If you’re keen to get started with native advertising, you may be wondering how to reach out to the sites you’d like to connect with. Some websites and other online portals widely publicise their acceptance of native ads – which is often worded as being “PR friendly” in blog circles – whilst for other sites, you may have to tailor a personalized approach to appeal to the site’s owner in order to negotiate the placement of a native ad.
Native ads networks
There are also a number of native ad networks, advertising agencies, and brokerages that can arrange placement (and in some cases, construction) of native advertisements on your behalf.
When the article, post, or content is ready to go, it will usually need to go through checking and approval by the hosting site before it is scheduled to run. You may also be able to have some input as to when and how your native advertisement is posted, in order to give it the best chance of succeeding.
Native advertisements are a great channel to consider for affiliate ads, particularly if you have a good grasp on your target demographic and where and how they use the internet – and can speak their language, as it were, to drive your message home.
Again, ad agencies and aggregators can assist with finding the most appropriate platforms to use for native marketing, and provide guidance on audience analytics and core user demographics.
What is native traffic?
Native traffic is traffic that comes to your website or affiliate portal as the result of posting a native advert, rather than due to your own organic content or unpaid promotions. This type of traffic can be really valuable because if you target the right type of sites and so, demographics with your promoted content, most of the traffic you do receive will be receptive to your offerings.
Increasing native traffic
In order to give yourself the best possible chance of winning lots of high-value traffic for your efforts, it is important to follow these common best practices for native advertising.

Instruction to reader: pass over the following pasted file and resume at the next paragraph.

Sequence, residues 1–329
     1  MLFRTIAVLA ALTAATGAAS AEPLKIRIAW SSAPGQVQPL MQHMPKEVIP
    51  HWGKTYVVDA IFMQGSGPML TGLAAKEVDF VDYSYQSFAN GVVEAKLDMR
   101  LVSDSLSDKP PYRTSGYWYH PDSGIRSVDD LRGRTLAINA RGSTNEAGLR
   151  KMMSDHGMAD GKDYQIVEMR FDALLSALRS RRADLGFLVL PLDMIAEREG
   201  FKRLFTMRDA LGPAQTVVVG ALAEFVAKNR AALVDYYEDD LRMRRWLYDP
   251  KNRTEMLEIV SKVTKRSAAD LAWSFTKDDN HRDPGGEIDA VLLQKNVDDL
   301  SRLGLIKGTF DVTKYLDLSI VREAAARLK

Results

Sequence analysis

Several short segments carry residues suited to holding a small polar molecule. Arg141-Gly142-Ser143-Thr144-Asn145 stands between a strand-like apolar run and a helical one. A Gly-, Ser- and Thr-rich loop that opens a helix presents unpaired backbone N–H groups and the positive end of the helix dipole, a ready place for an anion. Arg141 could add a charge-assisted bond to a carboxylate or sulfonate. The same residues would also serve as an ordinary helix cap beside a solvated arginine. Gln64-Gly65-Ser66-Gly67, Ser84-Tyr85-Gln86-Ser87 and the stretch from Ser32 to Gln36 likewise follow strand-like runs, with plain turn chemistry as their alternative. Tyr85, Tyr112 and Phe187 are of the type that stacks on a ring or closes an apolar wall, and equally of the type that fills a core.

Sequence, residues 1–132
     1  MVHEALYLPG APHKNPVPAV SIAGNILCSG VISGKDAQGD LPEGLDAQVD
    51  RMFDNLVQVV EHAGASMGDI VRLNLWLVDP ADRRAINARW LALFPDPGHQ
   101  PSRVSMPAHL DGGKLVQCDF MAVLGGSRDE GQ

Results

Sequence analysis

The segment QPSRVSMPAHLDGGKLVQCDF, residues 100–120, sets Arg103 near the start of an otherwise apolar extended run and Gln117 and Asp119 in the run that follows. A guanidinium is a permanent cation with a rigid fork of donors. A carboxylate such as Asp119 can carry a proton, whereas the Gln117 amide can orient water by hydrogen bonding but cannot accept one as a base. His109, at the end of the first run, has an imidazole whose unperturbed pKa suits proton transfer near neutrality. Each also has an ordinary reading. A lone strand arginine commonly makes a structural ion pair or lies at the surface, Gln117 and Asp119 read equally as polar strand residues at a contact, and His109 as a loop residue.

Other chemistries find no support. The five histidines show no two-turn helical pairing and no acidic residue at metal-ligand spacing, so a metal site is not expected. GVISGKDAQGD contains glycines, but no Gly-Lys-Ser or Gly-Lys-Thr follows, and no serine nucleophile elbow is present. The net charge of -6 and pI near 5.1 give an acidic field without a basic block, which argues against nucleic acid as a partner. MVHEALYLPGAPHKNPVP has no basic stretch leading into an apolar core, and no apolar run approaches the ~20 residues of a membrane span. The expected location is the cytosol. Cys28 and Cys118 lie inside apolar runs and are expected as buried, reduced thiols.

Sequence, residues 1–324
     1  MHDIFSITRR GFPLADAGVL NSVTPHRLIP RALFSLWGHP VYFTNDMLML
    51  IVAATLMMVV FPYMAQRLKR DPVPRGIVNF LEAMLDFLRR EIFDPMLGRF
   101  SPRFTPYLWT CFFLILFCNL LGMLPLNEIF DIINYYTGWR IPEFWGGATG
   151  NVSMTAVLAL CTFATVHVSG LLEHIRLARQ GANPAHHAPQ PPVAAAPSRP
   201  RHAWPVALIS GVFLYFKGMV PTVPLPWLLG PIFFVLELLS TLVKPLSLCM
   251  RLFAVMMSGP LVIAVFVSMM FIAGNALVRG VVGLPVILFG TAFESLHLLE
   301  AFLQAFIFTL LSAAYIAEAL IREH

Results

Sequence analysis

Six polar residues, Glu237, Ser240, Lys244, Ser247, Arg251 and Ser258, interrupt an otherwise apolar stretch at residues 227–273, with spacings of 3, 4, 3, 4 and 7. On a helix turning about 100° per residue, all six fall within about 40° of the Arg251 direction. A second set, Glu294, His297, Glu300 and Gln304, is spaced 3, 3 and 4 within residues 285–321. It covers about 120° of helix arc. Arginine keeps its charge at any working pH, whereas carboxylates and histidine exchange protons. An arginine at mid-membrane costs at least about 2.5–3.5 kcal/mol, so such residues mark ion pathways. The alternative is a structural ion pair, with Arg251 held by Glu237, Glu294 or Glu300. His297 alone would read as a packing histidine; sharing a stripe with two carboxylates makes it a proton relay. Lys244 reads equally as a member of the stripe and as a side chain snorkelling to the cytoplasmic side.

• Choose a host portal with a high volume of traffic from your target demographic.
• Do plenty of research into the type of organic content that the site itself posts and hosts, looking particularly at their best-performing posts, articles, or other content.
• Emulate the tone of the host portal as closely as possible in terms of the language and writing style you use, the types of content you produce, and the format and layout of your native ads.
• Utilise meaningful clickbait with intriguing, catchy headlines that follow through on their initial promise.
• Incorporate clear and appropriately placed calls to action and internal links into your promoted content to drive traffic to your site.
• Ensure that your destination page or the content that prospects will reach if they click a link in your native ad doesn’t let you down – keep it relevant, on-message and easy to navigate, with incentives and promotions to help to encourage conversions.
Native advertising networks
Instead of reaching out to individual blog owners, website hosts you might want to set up a targeted advertorial or promoted post campaign with the help of a specialist native advertising network. These networks will have a directory of contacts serving different niches and audiences that are willing to accept native ads from third parties, and they can help you to fine-tune your content and determine the best way to write and improve it to appeal to your prospective buyers too.
This is often a better approach than trying to identify and negotiate with individual website hosts and bloggers because it will not only save you the time and effort of doing this yourself but will also allow you to benefit from the insights and insider knowledge that experienced native advertising networks can provide.